Global supply chains: Who monitors human rights and environmental performance?
Goods travel along international supply chains all round the globe. Companies locate their production wherever costs are lowest. End consumers are often interested primarily in low prices, and those living where the global operations start pay the price: the workers, who produce the goods under conditions that frequently violate human rights and harm human health and the environment.
There are often significantly laxer environmental and social standards in the producing countries than in Germany, a fact which is exploited by global corporations. They use pesticides which have long been banned in Germany. Where working conditions in factories are concerned, they circumvent the internationally recognised minimum standards of the International Labour Organization (ILO) – not to mention the occupational safety guidelines that apply in Germany.
Guiding principles to uphold human rights
However, as long ago as 2011, the German federal government accepted the UN Guiding Principles for Business and Human Rights, 31 principles formulated by the international community which are in turn to be implemented in national action plans.
The signatory states are committed to the protection of human rights. In addition, the Principles appeal to corporate responsibility to observe human rights in their overall supply chain management. Those suffering violations of human rights due diligence obligations should be able to seek redress both in and out of court.
Voluntary solutions instead of statutory obligations
Yet, instead of translating the Principles into law and compulsory regulation for businesses, the German government is relying in its action plan on voluntary solutions. These, however, are mostly implemented only by firms which in any case feel a commitment to corporate social responsibility (CSR). What is needed, in contrast, is the introduction of binding human rights due diligence obligations that also include a monitoring system throughout the supply chain.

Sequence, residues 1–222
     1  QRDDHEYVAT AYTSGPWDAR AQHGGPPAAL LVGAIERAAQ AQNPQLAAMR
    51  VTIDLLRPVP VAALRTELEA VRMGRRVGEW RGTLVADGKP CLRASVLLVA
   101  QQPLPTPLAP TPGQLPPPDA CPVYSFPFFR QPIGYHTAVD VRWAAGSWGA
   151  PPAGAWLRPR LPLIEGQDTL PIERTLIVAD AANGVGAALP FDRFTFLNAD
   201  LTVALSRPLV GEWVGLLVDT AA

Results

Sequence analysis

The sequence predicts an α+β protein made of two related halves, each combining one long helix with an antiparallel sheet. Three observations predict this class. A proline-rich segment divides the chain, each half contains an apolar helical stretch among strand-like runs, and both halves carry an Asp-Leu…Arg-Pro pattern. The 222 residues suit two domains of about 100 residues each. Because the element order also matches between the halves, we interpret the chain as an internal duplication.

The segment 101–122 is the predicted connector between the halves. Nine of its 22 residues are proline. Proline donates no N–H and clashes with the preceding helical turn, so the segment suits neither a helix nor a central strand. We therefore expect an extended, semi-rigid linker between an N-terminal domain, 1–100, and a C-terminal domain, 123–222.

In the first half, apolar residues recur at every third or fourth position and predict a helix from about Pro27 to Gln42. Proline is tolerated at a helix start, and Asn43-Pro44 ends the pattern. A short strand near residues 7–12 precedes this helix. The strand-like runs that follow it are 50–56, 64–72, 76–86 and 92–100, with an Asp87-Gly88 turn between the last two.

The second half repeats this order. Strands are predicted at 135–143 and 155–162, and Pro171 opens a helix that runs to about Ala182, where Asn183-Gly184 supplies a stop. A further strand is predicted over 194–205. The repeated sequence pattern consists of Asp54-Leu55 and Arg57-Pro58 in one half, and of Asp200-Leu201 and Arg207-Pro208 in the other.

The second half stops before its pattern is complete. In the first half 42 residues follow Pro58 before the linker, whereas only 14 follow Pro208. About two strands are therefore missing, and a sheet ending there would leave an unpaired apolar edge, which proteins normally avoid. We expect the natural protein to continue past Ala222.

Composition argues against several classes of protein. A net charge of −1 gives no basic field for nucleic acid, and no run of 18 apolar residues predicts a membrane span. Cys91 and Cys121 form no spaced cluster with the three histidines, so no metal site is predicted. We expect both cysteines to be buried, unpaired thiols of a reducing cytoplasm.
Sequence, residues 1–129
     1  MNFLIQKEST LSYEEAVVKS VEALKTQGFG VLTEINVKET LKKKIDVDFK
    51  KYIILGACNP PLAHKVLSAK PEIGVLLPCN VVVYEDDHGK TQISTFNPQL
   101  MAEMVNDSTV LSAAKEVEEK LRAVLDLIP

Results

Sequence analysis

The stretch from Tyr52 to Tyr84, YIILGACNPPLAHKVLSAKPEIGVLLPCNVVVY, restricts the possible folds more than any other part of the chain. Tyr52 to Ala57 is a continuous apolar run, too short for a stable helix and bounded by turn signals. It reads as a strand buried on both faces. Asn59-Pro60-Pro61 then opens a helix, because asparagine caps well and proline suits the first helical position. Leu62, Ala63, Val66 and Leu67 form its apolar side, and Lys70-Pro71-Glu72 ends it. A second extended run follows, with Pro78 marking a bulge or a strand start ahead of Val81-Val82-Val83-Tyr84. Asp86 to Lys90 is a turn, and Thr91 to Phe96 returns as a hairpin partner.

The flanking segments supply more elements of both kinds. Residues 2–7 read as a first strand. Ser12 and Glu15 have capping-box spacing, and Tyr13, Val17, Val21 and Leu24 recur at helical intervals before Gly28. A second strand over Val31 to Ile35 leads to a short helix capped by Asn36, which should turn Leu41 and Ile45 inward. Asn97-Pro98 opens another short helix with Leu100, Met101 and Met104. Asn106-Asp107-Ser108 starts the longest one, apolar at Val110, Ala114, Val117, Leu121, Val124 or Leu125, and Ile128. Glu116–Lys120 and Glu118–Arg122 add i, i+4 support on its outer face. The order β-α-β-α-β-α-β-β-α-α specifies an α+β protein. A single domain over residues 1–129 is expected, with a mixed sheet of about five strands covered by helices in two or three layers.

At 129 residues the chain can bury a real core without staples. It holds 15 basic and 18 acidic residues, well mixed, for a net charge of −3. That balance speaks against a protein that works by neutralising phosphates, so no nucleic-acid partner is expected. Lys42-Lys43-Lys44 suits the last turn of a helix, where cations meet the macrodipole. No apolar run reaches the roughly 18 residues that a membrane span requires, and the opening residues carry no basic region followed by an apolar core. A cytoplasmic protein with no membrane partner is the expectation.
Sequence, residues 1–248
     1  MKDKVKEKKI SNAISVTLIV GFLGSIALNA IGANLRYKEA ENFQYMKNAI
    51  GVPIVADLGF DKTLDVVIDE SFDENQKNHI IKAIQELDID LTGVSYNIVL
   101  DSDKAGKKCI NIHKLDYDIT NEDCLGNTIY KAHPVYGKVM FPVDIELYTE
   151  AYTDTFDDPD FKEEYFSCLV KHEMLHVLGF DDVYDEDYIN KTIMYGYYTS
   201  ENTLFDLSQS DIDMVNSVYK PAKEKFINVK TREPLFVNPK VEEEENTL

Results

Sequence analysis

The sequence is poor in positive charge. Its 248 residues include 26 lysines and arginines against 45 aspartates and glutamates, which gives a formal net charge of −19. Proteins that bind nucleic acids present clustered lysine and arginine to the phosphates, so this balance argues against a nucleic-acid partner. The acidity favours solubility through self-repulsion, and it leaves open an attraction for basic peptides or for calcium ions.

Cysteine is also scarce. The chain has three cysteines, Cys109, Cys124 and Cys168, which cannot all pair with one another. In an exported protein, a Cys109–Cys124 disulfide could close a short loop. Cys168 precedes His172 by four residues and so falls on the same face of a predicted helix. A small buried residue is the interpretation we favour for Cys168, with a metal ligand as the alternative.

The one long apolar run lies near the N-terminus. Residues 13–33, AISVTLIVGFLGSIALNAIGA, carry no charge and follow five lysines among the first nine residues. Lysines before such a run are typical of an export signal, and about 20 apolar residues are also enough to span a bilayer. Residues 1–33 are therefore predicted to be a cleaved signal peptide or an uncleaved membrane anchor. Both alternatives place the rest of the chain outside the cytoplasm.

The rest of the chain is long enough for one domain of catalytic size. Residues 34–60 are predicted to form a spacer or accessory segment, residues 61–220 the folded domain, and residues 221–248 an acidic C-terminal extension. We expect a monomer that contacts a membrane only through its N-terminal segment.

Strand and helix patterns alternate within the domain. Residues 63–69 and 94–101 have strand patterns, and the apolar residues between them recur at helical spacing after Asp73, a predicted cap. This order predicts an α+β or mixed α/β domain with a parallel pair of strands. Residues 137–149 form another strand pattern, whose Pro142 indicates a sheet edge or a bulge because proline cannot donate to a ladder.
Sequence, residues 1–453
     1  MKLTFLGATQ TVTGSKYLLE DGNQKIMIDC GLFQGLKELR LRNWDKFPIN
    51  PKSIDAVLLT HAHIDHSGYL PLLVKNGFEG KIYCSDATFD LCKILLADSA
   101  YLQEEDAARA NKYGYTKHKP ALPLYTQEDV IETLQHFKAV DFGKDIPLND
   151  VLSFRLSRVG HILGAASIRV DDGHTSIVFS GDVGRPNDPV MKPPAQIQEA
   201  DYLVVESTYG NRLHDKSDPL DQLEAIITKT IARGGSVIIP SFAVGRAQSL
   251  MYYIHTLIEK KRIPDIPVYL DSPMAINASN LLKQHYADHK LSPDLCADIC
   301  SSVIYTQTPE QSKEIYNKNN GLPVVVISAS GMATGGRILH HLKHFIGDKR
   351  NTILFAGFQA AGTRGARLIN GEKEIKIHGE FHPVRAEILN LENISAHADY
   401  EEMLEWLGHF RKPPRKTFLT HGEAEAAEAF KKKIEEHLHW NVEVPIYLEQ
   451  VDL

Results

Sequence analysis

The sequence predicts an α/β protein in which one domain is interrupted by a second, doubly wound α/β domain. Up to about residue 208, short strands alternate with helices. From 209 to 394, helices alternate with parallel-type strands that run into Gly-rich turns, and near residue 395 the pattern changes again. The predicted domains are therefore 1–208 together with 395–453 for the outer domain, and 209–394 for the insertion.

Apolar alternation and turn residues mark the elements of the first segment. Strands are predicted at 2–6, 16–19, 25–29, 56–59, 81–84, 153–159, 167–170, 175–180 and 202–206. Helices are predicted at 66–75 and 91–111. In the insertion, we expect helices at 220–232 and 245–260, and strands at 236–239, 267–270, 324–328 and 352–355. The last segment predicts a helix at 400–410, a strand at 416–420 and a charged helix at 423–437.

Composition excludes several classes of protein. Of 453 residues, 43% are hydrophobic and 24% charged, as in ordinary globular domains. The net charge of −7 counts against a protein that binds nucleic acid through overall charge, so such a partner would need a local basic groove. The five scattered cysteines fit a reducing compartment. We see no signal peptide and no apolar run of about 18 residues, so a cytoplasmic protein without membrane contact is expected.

What is lacking, too, is any equivalent to the UN human rights principles that would apply to environmental issues, and so German companies in non-EU countries regularly circumvent European environmental legislation. Furthermore, environmental performance and human rights often go hand in hand, since whatever harms the environment also poses a risk to people at work.
Donor project: Protecting the environment safeguards human rights!
The Oeko-Institut project on the theme of “Protecting the environment safeguards human rights! German businesses in global responsibility” shows that upholding social standards and protecting the environment are issues which require a combined solution. This project has been funded through private donations; such donations enable us to research subjects that we have not been commissioned to study, but which are nevertheless important.
For example, with the aid of three case studies, our researchers have shown how German businesses flout European environmental directives when they operate in other countries.
Banned pesticides, hazardous shipbreaking, toxic copper mining
German companies continue to export pesticides that are not licensed in the EU to countries outside Europe. Many of these chemicals are extremely toxic on direct contact, while others are carcinogenic, cause genetic damage or disrupt the hormonal balance. There are proven negative impacts on both humans and flora and fauna. Despite this, German firms trade in these products.